As part of the growing coverage in the media there have been some interesting discussions of mental health at work on the radio. In a recent Radio 4 broadcast, ‘Mental Health at the Workplace,’ David Baker asks why having a day off work for flu is seen as more acceptable than having a day off for depression. He interviews a lawyer who argues that while companies are trying to project an image of being supportive of mental health, the reality is different.

Mental Health at Work and the Law

The Equality Act covers any mental impairment which is adverse and long-lasting. However it can be very difficult for people with mental health conditions to bring cases of discrimination against their employers. One of the main issues for employers is that the time off a person suffering a breakdown will need is unpredictable, and could range from a few weeks to several years. The loss to the business could therefore be very substantial. Often in these cases the company will leave the employee to themselves, not giving them the support they might for example give to a cancer patient.

As human resources manager Amy Stein argues, ‘there are lots of ways to fire someone, or lots of ways to not promote someone, that can easily get around what the laws are.’ According to lawyer Karen Jackson, although these days there is much more discussion of mental health at work, we are a very long way from where we need to be in terms of companies supporting their workers. She even has an ongoing case against a mental health charity.

And sadly, as revealed in the 2017 Business in the Community report, ‘Mental Health at Work‘, of all those who disclosed a mental health condition, 15% were either disciplined, demoted or dismissed. Clearly something needs to change.

Training for Mental Health at Work

The programme also considers the lack of training managers receive on how to deal with mental health crises at work. One care worker manager told of how an employee came to her having self-harmed, and she felt ‘all at sea’ – shocked, afraid of what that person might do next, and uncertain about what to say or do. She herself was also suffering from depression, and so she went to her own line manager for advice. He unfortunately told her ‘now you’re a line manager, you can’t be depressed.’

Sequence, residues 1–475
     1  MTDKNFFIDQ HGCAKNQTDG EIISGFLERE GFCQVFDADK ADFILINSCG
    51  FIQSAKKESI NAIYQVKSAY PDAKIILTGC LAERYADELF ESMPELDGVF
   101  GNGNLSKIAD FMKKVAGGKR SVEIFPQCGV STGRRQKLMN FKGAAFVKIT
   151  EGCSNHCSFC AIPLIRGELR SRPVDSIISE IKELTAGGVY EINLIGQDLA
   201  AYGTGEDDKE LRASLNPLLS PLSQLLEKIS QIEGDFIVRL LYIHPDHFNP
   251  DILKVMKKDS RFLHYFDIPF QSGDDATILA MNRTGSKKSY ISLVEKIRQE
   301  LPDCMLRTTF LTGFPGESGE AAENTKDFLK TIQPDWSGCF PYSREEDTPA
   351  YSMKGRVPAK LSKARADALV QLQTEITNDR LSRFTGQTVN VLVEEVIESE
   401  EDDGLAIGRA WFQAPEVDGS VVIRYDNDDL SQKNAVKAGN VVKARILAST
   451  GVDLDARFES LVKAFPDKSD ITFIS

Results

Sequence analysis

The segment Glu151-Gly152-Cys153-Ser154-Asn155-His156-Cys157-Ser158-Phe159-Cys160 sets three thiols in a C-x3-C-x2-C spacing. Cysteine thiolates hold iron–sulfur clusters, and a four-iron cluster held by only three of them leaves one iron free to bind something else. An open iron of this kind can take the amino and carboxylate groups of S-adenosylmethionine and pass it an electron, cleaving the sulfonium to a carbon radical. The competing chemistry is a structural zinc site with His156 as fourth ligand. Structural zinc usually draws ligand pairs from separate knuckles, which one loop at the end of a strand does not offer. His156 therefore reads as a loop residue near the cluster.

Sadly this lack of understanding and sympathy is all too common when it comes to mental health at work. These are some of the central issues we address in our workshop, Mental Health for Managers.

The programme also consider some positive examples of workplaces dealing well with employees’ mental health, such as the Royal Mail, which gives each employee an advice card and trains all its managers in mental health awareness.

Mental Health in Education

Another mental health at work radio programme well worth listening to is the File on 4 broadcast, ‘Sick of School‘, from 2015. While the crisis of poor mental health in children is receiving lots of attention these days, there is less focus on the significant problems faced by teachers. Issues above all of workload, as well as having to deal with lack of support, poor student behaviour and parent demands, are leading teachers to drop out of the profession in alarming numbers.

Delphis Workshops

Our upcoming free taster workshop, Mental Health for Managers, is aimed not only at line managers in businesses but at school leaders. It will help them create a mentally healthy workplace and build resilience in their staff. This will of course benefit not only the teachers but the children too, as they will enjoy a more stable and supportive classroom.

Our event at the National Railway Museum in York on Feb 8th is for managers and soon after we have an event for school leaders on March 9th at the York Science Park. We only have a few places left for Feb 8th so please contact us soon if you are interested.